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Carole Ann Klonarides

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July 4, 1992 | KRISTINE McKENNA, SPECIAL TO THE TIMES
"Most people refuse to acknowledge video as an art form and I think the relationship we have with television has a lot to do with that," observes Carole Ann Klonarides, media arts curator at the Long Beach Museum of Art. "We grow up thinking of TV as a cross between a piece of furniture and an appliance--we certainly don't consider it a vehicle for art.
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ENTERTAINMENT
July 7, 2011 | By Jori Finkel, Los Angeles Times
Video art is notoriously hard to show in art galleries. It can hog a lot of space, its sound can spill over into other rooms, and its equipment can be cumbersome (though lighter and cheaper with every year). And that's not considering challenging content, like Brazilian artist Tunga's recent video of a bizarre, alchemy-fueled sexual encounter that makes David Lynch movies seem sweet and straightforward by comparison. So when gallery owner Christopher Grimes had the idea of doing a broad sampling of international video art in his space in Santa Monica, he wanted to make the format, if not the content itself, more accessible.
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ENTERTAINMENT
July 7, 2011 | By Jori Finkel, Los Angeles Times
Video art is notoriously hard to show in art galleries. It can hog a lot of space, its sound can spill over into other rooms, and its equipment can be cumbersome (though lighter and cheaper with every year). And that's not considering challenging content, like Brazilian artist Tunga's recent video of a bizarre, alchemy-fueled sexual encounter that makes David Lynch movies seem sweet and straightforward by comparison. So when gallery owner Christopher Grimes had the idea of doing a broad sampling of international video art in his space in Santa Monica, he wanted to make the format, if not the content itself, more accessible.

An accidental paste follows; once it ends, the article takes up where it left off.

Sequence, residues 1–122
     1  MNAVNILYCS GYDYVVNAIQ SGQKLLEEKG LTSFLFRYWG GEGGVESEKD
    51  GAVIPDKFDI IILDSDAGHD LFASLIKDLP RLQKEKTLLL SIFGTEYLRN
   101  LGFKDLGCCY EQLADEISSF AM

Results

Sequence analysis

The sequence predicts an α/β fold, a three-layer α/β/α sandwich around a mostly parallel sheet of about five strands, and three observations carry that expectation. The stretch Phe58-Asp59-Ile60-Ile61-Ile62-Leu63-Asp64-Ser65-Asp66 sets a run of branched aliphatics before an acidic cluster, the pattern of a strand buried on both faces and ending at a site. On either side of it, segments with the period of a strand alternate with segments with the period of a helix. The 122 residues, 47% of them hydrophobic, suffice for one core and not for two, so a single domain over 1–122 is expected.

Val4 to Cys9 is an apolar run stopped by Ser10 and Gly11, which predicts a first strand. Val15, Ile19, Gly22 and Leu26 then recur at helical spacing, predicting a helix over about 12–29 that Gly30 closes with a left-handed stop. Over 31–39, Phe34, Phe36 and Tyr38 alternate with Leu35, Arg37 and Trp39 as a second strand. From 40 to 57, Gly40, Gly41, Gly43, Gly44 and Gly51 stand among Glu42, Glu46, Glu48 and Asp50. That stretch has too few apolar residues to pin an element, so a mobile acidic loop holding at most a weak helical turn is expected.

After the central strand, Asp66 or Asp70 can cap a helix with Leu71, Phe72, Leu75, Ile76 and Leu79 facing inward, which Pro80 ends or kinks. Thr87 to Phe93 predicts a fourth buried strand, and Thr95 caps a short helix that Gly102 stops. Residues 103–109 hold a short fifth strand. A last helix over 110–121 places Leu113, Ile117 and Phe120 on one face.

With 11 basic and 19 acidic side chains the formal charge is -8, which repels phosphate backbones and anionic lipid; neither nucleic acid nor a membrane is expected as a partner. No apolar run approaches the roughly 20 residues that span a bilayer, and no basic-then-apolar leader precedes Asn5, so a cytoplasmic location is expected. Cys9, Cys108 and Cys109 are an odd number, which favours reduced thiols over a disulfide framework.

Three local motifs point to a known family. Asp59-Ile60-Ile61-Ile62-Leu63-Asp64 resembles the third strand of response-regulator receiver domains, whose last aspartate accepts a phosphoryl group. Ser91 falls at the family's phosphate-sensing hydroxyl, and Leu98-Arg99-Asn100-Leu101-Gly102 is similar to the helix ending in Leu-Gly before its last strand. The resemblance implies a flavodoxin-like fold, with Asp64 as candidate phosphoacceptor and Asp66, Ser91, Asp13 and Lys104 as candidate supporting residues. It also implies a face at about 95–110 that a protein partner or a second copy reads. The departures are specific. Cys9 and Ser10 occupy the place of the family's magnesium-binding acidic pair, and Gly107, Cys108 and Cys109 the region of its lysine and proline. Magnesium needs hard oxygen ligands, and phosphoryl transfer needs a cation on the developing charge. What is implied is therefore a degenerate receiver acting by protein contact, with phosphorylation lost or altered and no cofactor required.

ENTERTAINMENT
July 4, 1992 | KRISTINE McKENNA, SPECIAL TO THE TIMES
"Most people refuse to acknowledge video as an art form and I think the relationship we have with television has a lot to do with that," observes Carole Ann Klonarides, media arts curator at the Long Beach Museum of Art. "We grow up thinking of TV as a cross between a piece of furniture and an appliance--we certainly don't consider it a vehicle for art.
ENTERTAINMENT
May 30, 2006 | Suzanne Muchnic, Times Staff Writer
Nam June Paik and Allan Kaprow have not been forgotten. Two Southern California institutions will celebrate the artists' lives and legacies this week at multimedia memorial tributes. Paik, a pioneering video and performance artist who died in January at 73, will be honored with an evening of remembrances, performances and video works at the Los Angeles County Museum of Art's Bing Theater from 7:30 to 9:30 p.m. Thursday.
ENTERTAINMENT
May 8, 2000 | ROELLA HSIEH LOUIE
David Pagel's May 3 review of the "COLA 2000" exhibition ("Not-So-Striking Resemblances Mark 'COLA 2000' ") does disservice to the artists and to the Los Angeles Cultural Affairs Department Grants Program, one of the few remaining government grants-making programs in the country that continues to give grants directly to individual artists.